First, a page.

This book is a landmark in Moorcock's writing, because it marks a change from his best known style of writing and (to me) tips a nod to one of his cult contemporaries.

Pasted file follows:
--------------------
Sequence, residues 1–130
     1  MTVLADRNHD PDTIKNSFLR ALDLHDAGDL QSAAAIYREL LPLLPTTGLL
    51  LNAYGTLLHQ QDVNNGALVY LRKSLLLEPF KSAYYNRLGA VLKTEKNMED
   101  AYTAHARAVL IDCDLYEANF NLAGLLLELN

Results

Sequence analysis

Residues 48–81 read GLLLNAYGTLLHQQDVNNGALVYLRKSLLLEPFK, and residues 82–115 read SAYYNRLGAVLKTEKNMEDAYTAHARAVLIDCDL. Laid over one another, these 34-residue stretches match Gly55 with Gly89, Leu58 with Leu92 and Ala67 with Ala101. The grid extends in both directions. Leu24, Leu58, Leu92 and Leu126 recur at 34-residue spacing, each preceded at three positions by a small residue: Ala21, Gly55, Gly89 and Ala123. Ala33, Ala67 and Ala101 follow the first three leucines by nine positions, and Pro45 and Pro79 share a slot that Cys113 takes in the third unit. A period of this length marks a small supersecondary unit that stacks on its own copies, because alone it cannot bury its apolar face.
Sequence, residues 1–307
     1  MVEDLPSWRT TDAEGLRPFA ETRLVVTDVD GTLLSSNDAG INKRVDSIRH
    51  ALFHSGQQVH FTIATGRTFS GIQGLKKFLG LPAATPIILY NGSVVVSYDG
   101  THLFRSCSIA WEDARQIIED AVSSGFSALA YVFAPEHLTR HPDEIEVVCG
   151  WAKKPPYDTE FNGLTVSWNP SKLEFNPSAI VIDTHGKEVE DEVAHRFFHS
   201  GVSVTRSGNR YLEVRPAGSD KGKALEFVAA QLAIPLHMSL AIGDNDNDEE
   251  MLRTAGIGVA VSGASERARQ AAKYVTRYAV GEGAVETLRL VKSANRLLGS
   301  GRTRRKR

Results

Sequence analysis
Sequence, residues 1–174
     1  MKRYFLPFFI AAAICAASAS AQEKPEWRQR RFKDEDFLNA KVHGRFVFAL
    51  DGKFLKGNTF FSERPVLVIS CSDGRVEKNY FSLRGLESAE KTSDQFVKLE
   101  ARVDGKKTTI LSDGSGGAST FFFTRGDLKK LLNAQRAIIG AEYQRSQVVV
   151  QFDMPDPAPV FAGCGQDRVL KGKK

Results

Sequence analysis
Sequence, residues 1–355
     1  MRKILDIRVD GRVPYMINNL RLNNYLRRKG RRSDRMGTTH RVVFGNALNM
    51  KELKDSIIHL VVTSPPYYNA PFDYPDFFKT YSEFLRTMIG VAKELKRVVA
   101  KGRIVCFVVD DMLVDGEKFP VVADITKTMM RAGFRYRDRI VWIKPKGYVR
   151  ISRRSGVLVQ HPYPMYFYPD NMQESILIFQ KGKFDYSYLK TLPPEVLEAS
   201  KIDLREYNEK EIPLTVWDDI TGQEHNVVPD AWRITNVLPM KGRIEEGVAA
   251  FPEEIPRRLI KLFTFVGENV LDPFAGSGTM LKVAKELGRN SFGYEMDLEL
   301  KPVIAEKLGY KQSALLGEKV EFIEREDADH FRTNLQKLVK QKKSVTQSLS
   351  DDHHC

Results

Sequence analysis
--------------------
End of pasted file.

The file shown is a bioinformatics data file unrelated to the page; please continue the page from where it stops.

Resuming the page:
This book could almost have been written by Philip K. Dick, almost, but not quite. So much of it is narrated from the, shall we say - unusual, outlook of the main character that it seems to follow the theme of a Dick novel. It deals with what would become one of Moorcock's recurring themes - the breakdown of society. Flash-backs tell the story of what went wrong, and the main protagonist tells what is going wrong in his head (maybe), which is what makes this like a Dick story. Anyone familiar with the Hawkmoon tales wil recognise a pre-history and a hint of how things came to be. This is, to my mind, an important book in the Moorcock ouevre, and a rare thing in the Moorcock canon - a psychological thriller. Recommended!